The corrosion behavior of Zircaloy-4 (Zry-4), specifically by oxidation, is a problem of great importance as this material is critical for current nuclear reactor cladding. The early formation behavior and structure of the oxide layer during oxidation was studied using in-situ TEM techniques that allowed for Zry-4 to be monitored during corrosion. These environmental exposure experiments were coupled with precession electron diffraction to identify and quantify the phases present in the samples before and after the oxidation. Following short-term, high temperature oxidation, the dominant phase was revealed to be monoclinic ZrO2 in a columnar structure. These samples oxidized in-situ contained structures that correlated well with bulk Zry-4 subjected to autoclave treatment, which were used for comparison and validation of this technique. By using in-situ TEM the effect of microstructure features, such as grain boundaries, on oxidation behavior of an alloy can be studied. The technique presented herein holds the potential to be applied any alloy system to study these effects.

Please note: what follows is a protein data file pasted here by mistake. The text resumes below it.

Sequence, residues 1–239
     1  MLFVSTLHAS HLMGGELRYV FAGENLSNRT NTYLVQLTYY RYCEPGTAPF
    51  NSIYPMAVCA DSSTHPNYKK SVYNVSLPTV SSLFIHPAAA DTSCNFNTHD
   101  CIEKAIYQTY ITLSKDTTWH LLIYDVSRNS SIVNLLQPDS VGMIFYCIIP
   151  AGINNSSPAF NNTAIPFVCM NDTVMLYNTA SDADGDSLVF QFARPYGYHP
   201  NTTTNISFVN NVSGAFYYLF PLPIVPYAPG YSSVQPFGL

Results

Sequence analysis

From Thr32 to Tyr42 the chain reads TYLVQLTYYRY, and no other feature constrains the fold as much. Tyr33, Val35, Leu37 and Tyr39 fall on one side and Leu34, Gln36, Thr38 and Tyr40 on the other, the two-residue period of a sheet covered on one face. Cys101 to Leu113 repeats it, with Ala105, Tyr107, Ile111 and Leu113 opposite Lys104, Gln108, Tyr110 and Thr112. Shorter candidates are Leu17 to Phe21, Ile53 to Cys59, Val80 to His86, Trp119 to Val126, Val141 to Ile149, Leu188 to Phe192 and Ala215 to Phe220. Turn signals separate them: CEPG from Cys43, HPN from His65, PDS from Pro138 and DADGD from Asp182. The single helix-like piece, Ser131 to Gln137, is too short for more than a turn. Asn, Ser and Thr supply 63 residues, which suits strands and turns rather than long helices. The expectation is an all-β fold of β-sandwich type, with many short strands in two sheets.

Zirconium-based alloys (Zircaloy) are important materials in nuclear fuel cladding, as they are corrosion resistant and exhibit a low neutron cross section. However, the oxidation behavior is not well understood. Researchers at Drexel University sought to better understand the oxidation of Zircaloys usingused the Atmosphere gas cell, focused ion beam (FIB) sample preparation and precession diffraction analysis. They found that in situ analysis compared well with ex situ analysis techniques, confirming the viability of in situ analysis for this material. Changes in grain structure and including texture and boundaries are reported.